Within her first two months on the job, Margaret met BES’s Linda Brown: “At that time there were really no models of charter school resource centers except the Massachusetts resource center, which Linda was running. Someone had advised us to go get some advice from her.”

 

So they did. Margaret pulled Linda in as the keynote speaker for Chicago’s “charter starters” information fair. Following Linda’s advice, LQE resisted the temptation to multiply schools rapidly, narrowing the focus to encourage a high bar and devotion to quality schools. “She was a great inspiration for us,” says Margaret.

 

As the charter school movement gained momentum, several large-scale national projects began to draw Margaret’s attention. “I was getting involved in projects at the national level. The charter school movement was developing and evolving and there was so much more to do.”

 

Though never her intention to become a consultant, Margaret determined that she had to leave LQE to focus on charters at a national level. One of these projects spanned eight charter resource centers, coordinating the work for a nation-wide Accountability Network for key organizations that support charter schools.

 

Another project addressed the growing concern around private management companies becoming involved with charters. “Not the fact that they were private,” Margaret explains, “but getting the contracts and relationships straight. I ended up co-writing a resource guide for charter school boards on creating strong relationships with external management organizations.”

 

She also helped lay the groundwork for the National Association of Charter School Authorizers (NACSA). After two years as a consultant, she was asked to serve as NACSA’s Executive Director. She spent the next two years bolstering NACSA before slipping back into consulting. Though she returned to NACSA years later (“Yes, it happened again”), this time as Vice President of Knowledge, she continued her habit of making her mark and moving on.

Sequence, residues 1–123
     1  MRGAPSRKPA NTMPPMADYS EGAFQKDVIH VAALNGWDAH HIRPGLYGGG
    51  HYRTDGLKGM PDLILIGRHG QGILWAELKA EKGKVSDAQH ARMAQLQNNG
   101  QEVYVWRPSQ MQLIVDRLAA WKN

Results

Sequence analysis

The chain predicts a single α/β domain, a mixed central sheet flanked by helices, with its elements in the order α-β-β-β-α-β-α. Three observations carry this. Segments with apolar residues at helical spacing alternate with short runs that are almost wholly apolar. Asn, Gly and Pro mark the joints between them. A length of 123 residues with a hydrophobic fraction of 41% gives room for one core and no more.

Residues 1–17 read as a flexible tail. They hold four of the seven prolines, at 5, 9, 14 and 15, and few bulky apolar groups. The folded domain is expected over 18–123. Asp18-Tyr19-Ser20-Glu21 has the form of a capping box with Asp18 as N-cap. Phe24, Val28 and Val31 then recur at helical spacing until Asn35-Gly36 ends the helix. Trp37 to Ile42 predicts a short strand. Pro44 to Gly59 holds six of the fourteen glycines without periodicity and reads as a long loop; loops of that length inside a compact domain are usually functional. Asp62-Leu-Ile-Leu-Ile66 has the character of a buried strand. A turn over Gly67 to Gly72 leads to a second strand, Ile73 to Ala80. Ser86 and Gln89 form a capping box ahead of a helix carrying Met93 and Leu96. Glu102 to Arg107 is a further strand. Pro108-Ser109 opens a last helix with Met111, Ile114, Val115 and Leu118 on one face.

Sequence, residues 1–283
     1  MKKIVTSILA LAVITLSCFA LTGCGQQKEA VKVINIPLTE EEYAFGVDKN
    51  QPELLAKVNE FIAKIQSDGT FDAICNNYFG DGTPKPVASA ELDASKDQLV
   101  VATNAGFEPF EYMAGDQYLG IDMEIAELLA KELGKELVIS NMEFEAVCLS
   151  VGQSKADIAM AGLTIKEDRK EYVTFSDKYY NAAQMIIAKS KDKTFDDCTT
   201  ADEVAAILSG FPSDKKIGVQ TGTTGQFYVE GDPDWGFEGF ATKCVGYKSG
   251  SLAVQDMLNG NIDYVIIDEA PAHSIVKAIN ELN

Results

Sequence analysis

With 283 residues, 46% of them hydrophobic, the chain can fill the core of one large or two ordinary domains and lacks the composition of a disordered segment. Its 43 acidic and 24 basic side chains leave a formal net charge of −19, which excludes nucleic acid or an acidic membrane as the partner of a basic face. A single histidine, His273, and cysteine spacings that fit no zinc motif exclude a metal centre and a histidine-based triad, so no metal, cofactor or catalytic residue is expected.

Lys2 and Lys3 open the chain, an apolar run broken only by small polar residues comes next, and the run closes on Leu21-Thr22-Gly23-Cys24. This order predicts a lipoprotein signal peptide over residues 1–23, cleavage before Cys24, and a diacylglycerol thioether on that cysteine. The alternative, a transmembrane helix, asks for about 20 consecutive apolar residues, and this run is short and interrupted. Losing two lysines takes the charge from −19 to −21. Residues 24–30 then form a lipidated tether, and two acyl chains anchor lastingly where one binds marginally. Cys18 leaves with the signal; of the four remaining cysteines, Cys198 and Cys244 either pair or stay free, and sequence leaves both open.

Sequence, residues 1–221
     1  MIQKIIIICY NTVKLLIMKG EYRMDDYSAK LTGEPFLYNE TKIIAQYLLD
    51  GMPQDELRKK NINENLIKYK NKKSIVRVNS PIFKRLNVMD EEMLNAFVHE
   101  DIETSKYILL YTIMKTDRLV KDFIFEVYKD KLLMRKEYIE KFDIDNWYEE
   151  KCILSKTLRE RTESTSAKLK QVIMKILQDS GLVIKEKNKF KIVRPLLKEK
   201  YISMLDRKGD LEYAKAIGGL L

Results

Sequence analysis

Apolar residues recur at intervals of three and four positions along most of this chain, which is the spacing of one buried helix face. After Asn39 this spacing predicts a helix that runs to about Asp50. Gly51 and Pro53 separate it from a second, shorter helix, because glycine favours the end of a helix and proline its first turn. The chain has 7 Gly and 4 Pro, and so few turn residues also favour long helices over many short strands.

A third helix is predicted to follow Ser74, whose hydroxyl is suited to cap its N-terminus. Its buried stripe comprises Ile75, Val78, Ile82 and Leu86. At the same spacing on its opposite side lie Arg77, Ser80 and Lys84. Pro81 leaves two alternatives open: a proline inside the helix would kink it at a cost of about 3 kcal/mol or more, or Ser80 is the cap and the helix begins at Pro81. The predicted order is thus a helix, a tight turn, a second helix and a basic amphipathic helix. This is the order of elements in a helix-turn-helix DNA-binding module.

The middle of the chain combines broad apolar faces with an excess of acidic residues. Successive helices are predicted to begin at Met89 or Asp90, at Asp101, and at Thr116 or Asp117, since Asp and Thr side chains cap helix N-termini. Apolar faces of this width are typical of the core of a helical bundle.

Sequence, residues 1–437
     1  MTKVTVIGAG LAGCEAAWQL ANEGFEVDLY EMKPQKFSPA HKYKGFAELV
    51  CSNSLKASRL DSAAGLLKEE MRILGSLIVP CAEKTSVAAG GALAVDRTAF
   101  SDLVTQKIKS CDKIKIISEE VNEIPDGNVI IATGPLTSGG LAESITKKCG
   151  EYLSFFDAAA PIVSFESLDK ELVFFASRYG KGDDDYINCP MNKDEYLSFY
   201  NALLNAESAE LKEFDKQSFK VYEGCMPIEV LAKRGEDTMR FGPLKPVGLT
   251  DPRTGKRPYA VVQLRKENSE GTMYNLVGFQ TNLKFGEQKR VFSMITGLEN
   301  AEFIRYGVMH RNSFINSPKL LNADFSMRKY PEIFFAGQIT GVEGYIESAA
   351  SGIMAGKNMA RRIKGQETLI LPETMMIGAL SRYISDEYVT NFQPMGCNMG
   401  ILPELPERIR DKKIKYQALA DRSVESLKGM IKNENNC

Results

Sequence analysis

Margaret has maintained this semi-nomadic lifestyle ever since, working all over the United States in service of quality charter schools. She works on a variety of high-level projects, building online resources, writing charter school and authorizer documents, and providing guidance to charter governance boards, authorizers, foundations, and other leading organizations in the charter sector. While living in Denver, she served on the board of West Denver Prep (now STRIVE Preparatory Schools), founded by BES Fellow Chris Gibbons.

 

In addition to her work as a consultant, Margaret provides her wealth of authorizer experience in support of BES as a member of the board. Though she explains “You don’t turn down opportunities to work with Linda,” the chance to connect with, support, and develop excellent charter schools more closely ultimately attracted her to the role. “The organization has grown a lot,” she says, “and I thought it would be really great to be a part of this next phase.”